Dispatches | June 15, 2014
So You’re Picking Up Philip K. Dick from the Airport
By Alison Balaskovits
So, you’re picking up one of your favorite literary figures (poetry or prose, living or dead) from the airport before taking them to dinner and conducting an interview. You’re a huge fan and you’re super excited about the assignment, but also a bit nervous. Relax. The main thing you need to be concerned with is having a kickass playlist going on the tape deck when you roll up to the terminal and I’m here to help. I offer no guarantees, but with some deductive reasoning, digital crate digging, and intuition I think we can manage something that leaves everyone comfortable, happy, and bobbing their heads.
Below is a 12 track set that I think should get you from the airport and back again with some stops in between. You can play it in sequence, but it will work on mix-mode as well (this might even be better). The important thing is to have it already playing when you pick them up and to not discuss it at all unless they bring it up first. Basically, play it cool and act like you’ve been there before. I can in no way guarantee that they’ll actually dig this, but I have my hopes. Worst case scenario, just have NPR locked in as station preset 1 in case things get desperate. Best of luck!
Your passenger this week is novelist, short-story writer, philosopher, and hyper-prolific sci-fi legend Philip K. Dick whose explorations of identity, reality, perception, drug culture, conspiracies, faith, & post-hippie NoCal culture have resonated for decades after his death with a deep and loyal fandom, literary canonization, and multiple blockbuster film adaptations. Gulp. Here’s to an incredible journey.
1. Peace Orchestra – Who Am I The only answer that most of Dick’s protagonists are able to give to the titular question of this track at the end of his works is Hell if I know. Good thing you won’t have to worry about anything as heady as that as you jump onto the freeway at midnight as this curls out of the stereo making you feel at least 120% cooler about yourselves than you actually are…it’s just got that kind of power. Bonus points for being featured throughout the Animatrix, an underappreciated part of a modern classic film universe that I speculate Dick would’ve been enthralled by.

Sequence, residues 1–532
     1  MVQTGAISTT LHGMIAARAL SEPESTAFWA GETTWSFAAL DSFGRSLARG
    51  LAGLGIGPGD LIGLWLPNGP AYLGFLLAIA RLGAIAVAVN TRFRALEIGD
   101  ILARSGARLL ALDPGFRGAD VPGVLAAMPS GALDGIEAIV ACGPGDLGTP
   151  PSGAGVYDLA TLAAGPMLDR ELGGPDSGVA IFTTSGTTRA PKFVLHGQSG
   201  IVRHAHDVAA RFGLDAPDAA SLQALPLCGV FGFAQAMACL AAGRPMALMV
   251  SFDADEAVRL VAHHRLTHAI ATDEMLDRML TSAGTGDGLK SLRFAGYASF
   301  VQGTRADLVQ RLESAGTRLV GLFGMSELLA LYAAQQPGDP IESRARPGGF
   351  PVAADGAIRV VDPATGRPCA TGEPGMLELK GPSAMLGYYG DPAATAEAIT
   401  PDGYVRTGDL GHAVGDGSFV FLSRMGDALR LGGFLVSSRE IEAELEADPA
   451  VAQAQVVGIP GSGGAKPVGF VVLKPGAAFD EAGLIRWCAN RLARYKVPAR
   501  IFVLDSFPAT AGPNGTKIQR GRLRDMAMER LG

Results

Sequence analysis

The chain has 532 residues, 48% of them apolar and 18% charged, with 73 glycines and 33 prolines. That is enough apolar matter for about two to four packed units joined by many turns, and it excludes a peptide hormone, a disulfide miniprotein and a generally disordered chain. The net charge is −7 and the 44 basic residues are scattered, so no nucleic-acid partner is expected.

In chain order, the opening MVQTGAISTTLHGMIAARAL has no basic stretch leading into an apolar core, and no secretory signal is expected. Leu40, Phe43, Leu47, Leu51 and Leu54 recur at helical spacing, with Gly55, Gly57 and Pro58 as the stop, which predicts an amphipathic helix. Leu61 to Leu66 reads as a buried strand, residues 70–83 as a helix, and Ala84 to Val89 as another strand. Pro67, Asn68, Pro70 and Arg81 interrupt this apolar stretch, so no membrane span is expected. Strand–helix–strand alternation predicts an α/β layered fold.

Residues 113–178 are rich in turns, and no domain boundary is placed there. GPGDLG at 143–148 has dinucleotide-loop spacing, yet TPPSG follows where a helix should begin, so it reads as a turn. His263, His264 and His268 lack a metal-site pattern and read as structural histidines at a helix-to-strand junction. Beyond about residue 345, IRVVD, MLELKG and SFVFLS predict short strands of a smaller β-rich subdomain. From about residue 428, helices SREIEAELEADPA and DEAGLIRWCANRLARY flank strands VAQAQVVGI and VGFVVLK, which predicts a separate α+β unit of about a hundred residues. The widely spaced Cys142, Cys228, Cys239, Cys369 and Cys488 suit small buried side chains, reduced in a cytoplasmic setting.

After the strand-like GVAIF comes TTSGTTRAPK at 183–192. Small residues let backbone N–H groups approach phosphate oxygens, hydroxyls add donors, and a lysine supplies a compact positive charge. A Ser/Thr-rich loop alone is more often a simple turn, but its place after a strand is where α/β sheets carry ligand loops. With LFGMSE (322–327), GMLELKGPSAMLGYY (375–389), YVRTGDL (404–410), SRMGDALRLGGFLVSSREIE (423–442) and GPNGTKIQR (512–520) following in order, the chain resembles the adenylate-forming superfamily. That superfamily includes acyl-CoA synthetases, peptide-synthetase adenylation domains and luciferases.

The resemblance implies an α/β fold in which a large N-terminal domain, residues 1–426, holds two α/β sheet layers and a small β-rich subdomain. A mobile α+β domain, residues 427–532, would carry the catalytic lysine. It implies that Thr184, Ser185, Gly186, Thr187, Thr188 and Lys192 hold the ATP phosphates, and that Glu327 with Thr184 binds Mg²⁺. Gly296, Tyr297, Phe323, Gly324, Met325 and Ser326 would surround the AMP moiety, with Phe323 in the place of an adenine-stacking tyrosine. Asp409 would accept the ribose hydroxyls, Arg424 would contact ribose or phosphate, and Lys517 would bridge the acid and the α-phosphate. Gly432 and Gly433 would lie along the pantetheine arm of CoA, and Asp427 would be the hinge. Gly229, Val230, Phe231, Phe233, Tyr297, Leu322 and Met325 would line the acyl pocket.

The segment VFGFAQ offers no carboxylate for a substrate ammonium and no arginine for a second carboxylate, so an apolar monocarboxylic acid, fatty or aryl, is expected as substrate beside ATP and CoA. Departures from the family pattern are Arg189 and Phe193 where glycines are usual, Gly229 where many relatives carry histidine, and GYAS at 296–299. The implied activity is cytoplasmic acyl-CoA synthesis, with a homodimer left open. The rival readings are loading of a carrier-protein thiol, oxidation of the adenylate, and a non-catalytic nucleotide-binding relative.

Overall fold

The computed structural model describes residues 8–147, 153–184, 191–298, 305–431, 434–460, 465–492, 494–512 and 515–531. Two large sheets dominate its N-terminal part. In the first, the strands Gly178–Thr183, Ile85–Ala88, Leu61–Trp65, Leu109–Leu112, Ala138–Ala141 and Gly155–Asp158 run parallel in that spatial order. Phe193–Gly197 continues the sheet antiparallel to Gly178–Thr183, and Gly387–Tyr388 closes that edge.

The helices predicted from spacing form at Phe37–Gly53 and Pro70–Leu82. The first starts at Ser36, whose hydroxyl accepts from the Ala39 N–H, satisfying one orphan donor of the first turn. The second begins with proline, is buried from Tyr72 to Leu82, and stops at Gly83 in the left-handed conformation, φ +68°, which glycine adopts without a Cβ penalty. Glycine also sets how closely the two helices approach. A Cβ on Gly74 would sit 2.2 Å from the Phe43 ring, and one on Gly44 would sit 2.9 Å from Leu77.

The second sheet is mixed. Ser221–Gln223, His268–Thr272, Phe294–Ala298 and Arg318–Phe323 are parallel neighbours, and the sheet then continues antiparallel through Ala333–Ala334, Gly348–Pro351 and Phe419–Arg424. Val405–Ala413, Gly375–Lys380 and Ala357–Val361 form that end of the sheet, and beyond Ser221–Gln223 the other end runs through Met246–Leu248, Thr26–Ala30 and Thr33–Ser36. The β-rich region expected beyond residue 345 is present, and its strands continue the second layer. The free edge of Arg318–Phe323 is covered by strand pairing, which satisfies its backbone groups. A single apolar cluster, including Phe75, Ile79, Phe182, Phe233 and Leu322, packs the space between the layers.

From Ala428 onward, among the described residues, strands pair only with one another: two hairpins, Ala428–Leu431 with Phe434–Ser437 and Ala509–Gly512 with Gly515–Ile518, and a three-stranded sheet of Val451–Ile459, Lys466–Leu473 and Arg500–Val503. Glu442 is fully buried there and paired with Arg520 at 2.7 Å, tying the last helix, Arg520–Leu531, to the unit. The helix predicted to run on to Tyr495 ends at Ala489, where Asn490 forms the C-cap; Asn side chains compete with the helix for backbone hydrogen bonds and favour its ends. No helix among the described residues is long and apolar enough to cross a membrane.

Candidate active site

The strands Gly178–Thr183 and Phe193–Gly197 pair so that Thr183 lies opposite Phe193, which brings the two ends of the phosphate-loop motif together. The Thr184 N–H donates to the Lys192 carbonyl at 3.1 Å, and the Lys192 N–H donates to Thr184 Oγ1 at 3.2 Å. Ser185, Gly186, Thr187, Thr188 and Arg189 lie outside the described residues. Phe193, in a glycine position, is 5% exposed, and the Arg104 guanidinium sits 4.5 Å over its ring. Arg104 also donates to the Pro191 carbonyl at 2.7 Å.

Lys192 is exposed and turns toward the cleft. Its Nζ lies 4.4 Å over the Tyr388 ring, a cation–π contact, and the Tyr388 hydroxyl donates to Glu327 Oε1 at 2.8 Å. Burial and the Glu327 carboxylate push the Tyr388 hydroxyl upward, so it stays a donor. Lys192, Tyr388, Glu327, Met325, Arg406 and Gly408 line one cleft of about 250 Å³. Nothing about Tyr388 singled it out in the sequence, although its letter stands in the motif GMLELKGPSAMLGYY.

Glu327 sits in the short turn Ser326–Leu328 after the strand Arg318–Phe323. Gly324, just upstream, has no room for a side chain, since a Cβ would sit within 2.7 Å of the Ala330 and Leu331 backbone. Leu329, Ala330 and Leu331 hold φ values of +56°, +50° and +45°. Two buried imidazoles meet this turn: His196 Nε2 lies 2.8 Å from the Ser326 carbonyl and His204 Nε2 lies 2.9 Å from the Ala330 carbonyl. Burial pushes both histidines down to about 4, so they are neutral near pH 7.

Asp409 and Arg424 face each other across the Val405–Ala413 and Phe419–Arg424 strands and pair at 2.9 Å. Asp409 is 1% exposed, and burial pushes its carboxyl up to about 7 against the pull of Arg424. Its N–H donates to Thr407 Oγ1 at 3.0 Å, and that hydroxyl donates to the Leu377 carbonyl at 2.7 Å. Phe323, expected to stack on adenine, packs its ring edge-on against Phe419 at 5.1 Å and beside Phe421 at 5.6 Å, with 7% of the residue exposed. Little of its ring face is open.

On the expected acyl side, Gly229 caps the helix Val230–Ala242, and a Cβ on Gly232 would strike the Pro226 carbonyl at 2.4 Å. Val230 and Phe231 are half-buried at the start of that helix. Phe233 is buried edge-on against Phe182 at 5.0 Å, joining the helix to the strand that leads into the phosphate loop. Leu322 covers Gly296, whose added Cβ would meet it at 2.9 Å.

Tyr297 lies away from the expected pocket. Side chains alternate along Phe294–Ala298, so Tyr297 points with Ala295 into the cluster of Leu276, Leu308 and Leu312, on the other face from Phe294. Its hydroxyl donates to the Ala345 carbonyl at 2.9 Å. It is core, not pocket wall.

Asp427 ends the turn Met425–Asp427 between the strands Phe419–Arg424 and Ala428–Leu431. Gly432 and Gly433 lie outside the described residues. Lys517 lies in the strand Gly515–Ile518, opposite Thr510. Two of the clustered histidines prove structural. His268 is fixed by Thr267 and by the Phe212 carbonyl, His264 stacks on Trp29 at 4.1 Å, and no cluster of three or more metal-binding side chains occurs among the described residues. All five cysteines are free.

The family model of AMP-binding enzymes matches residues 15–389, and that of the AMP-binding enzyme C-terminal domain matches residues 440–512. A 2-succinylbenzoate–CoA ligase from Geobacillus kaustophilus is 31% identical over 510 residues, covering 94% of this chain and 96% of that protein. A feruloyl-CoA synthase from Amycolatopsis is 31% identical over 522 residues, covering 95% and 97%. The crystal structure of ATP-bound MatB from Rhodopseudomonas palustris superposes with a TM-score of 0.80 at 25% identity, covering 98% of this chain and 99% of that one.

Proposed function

2. Dr. Octagon – Blue Flowers Revisited Dick was a noted devotee of classical music and his death in 1982 came well before hip-hop had become a national force. That said, if he’d lived long enough I can pretty easily see Kool Keith (aka Dr. Octagon aka Black Elvis aka Dr. Dooom) being his favorite M.C. It’s not everyday you’re going to find a lyrical genius who appreciates science fiction, psychological dissociation, conspiracy theories, and the artistic employment of paranoia as much as you do. Blue Flowers Revisited gets the nod not only for being the perfect track for creeping through the hyper-neon streets of a near future dystopian metropolis, but also because the title never fails to make me think of Mors Ontologica, the sky colored source of A Scanner Darkly’s Substance D.
3. Liars – A Visit From Drum Thick dread that you can’t quite place or reconcile: from Joe Chip’s suspicions about his thanatological status in Ubik to Bob Arctor’s fear over his receding identity in A Scanner Darkly this is a psychological territory that Dick mined throughout his career. With this track the Liars more or less made the soundtrack to it.
4. The Velvet Underground – The Black Angel’s Death Song In an extreme surface sense The Velvet Underground (New York, heroin) are the musical anthesis of much of Dick’s (Cali, speed/psychedelics) writing. Definitely not with this song. They were definitely on the same wavelength here. The cascading vocal delivery, the hovering presence of a fundamentally unknowable extra-human force, the way you enjoy it even though it kind of terrifies you. Oh yes. The perfect way to ride out into the night with alongside one of the most talented Americans to ever put pen to paper.